[Out of the Box] HALO: Videogame or Murderer?

Could Halo's – and Call of Duty's – sales undermine everyone else's success?
Author: Andy Curtiss
Published: October 1, 2010
Out of the Box is a recurring feature that allows the TotalPlayStation editors a chance to examine what is happening outside of Sony's magical boxes in the greater, wider world. Is Activision to blame for 2010's industry-wide sales slump? Is Bungie riding to the rescue – or hastening its downfall? And will Call of Duty: Black Ops trump them all?



“Why would you say a blasphemous thing like that?”

This was the real-life reaction from a friend when told of this article. And why would I say it? Halo: Reach has only been out for a couple of weeks and it’s already blown up in terms of sales, raking in more than $200 million in its first 24 hours alone. Want that put in perspective? Its one-day take outperformed Toy Story 3’s three-day opening weekend gross. How’s that?

If you’re from Microsoft – or if you want to be – you’re probably crying big, fat tears of joy. It’s a huge, anticipated title in a year where videogame sales are anemic, and it’s sure to put Xbox 360 sales through the roof. But the truth is the success of Reach may mean very bad things for other upcoming releases – which is to say, the rest of the industry.

A recent-but-already classic example is none other than Call of Duty: Modern Warfare 2, released last November. The mere mention of the game is enough to incite the screams of crazy fanboys the world over, and for good reason. Unless you’ve lived under a rock for the past year, you know MW2’s multiplayer capabilities were astounding – so astounding, in fact, that, as of June 15, 2010, the title was the best-selling videogame in the United Kingdom’s history and the second best in America’s. And COD addicts have shown very little sign these past 10 months of putting their game of choice down, making them think twice about needing to purchase other releases (remember how this year’s sales have been so sluggish as compared to last year’s?). Indeed, why bother when MW2 is still holding your attention so tightly?


But everything that has a beginning has an end, even for the vaunted Modern Warfare (sub)franchise. Enter Halo stage right, another title with another multiplayer mode so robust, with so many new features and reasons to continually play (such as Bungie’s daily and weekly online challenges), it has made gamers moist with joy for a good while now. And Reach’s sales since its September 14th debut have largely borne this out: little by little, Call of Duty is being replaced by Halo.

At what cost, though? If Reach is shaping up to be a better-selling and more-played game than Modern Warfare 2, will it have a bigger and longer-lasting disruptive effect on the rest of the industry? Colin Sebastian, an analyst with Lazard Capital Markets, an investment banking firm based in New York, thinks so. “There’s always a worry that a game like that can take shares from and cannibalize other games.”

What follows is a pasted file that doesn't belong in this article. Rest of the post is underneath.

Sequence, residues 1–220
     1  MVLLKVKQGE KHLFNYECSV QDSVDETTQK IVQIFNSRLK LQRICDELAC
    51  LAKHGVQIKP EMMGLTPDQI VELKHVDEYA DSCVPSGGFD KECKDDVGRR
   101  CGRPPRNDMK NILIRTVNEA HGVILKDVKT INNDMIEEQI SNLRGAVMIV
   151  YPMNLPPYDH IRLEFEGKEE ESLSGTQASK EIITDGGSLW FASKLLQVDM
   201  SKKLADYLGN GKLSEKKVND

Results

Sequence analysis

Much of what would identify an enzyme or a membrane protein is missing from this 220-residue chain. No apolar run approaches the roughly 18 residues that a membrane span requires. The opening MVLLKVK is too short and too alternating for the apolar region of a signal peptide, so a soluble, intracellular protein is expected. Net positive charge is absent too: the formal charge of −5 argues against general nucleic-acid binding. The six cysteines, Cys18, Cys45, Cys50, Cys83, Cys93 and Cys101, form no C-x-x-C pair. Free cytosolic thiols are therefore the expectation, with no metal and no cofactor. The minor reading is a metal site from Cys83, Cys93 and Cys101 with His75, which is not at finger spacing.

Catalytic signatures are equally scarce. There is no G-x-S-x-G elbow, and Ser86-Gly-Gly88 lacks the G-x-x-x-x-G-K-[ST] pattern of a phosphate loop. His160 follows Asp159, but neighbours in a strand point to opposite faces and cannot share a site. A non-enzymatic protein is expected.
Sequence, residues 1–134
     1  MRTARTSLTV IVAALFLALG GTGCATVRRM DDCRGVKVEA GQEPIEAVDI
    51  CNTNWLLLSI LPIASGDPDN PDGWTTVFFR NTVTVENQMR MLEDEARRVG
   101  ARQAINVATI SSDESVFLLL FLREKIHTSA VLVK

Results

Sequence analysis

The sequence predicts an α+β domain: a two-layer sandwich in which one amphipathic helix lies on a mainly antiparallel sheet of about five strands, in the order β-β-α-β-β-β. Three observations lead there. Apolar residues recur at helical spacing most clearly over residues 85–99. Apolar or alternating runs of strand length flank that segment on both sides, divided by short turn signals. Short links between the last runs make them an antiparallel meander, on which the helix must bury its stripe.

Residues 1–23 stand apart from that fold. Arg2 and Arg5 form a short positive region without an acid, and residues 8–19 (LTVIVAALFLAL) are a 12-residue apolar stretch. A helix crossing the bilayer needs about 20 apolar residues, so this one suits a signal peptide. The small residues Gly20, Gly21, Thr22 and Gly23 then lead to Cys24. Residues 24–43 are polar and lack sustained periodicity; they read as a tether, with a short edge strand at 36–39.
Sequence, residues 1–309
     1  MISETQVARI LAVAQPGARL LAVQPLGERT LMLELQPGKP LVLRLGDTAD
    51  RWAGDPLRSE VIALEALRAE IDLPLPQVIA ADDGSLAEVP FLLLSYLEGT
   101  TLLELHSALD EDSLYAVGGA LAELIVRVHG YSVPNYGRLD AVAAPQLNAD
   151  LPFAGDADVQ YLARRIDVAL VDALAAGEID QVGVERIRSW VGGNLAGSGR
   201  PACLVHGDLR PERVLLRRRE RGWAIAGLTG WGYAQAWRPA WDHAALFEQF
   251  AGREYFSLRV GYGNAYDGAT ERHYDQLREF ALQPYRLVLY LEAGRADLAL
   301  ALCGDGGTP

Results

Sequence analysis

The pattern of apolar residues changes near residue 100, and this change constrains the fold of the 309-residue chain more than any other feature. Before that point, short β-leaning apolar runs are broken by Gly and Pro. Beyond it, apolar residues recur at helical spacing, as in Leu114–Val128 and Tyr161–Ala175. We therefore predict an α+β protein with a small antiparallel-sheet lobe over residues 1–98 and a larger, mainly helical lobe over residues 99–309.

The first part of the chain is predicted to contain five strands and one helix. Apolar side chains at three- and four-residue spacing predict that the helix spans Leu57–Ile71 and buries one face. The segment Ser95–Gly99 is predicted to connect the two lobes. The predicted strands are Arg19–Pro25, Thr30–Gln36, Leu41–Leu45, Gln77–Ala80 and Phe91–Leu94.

Not that the latest Halo is the only big release threatening to extend this vacuum of sales (you can put your battle rifles down now, Xbox fanboys). Somewhat ironically and mostly predictably, Call of Duty returns with a vengeance this November with Black Ops, the seventh entry in the series and one that is expected to do very well. Indeed, between these two massive FPSes, sales of all the other big-name holiday releases – Dead Rising 2, Guitar Hero: Warriors of Rock, and Gran Turismo 5, to name just a few – are expected to be adversely affected, if not outright gutted. The publisher of any game appealing to multiple players will be holding its breath, hoping to make it through the season relatively unscathed.


But wait – it gets better. On September 21st, Phil Spencer, the Corporate Vice President of Microsoft Game Studios, said in an interview, “There’s no explicit strategy that says we’re to ship a Halo game every year. I will say I think one Halo game every three years – which was kind of our old cadence – is probably not frequent enough [however].” It’s certainly not frequent enough for Activision, which has made COD an “annualized” franchise, a decision which has sparked much controversy from other publishers and gamers alike (not least among the concerns is the possibility of running the series into the ground, as the company has already done with Guitar Hero). Microsoft intimating that it wants to pursue a similar strategy raises lots of similar red flags... along with the possibility that, in the very near future, the only (multiplayer) titles that will end up moving any significant numbers of units will be just the two franchises.

Is this fair to Halo? Maybe not, but the larger question should be: is this fair to the videogame industry? While we, as gamers, want to see success for the titles we love – it’s great if one release sells through the roof – we tend to forget there’s a funny balance to be had within the overall picture. Does the predominance of, say, Black Ops mean the extinction of, say, Atlus? Combined with the bleak economic reality that has already closed the doors of many developers and tightened the purse strings of many consumers, we’ve got a recipe for worry.

Is the sound of cash registers ringing for Halo: Reach a celebatory signal, then, or the death knell of the videogame market as we know it?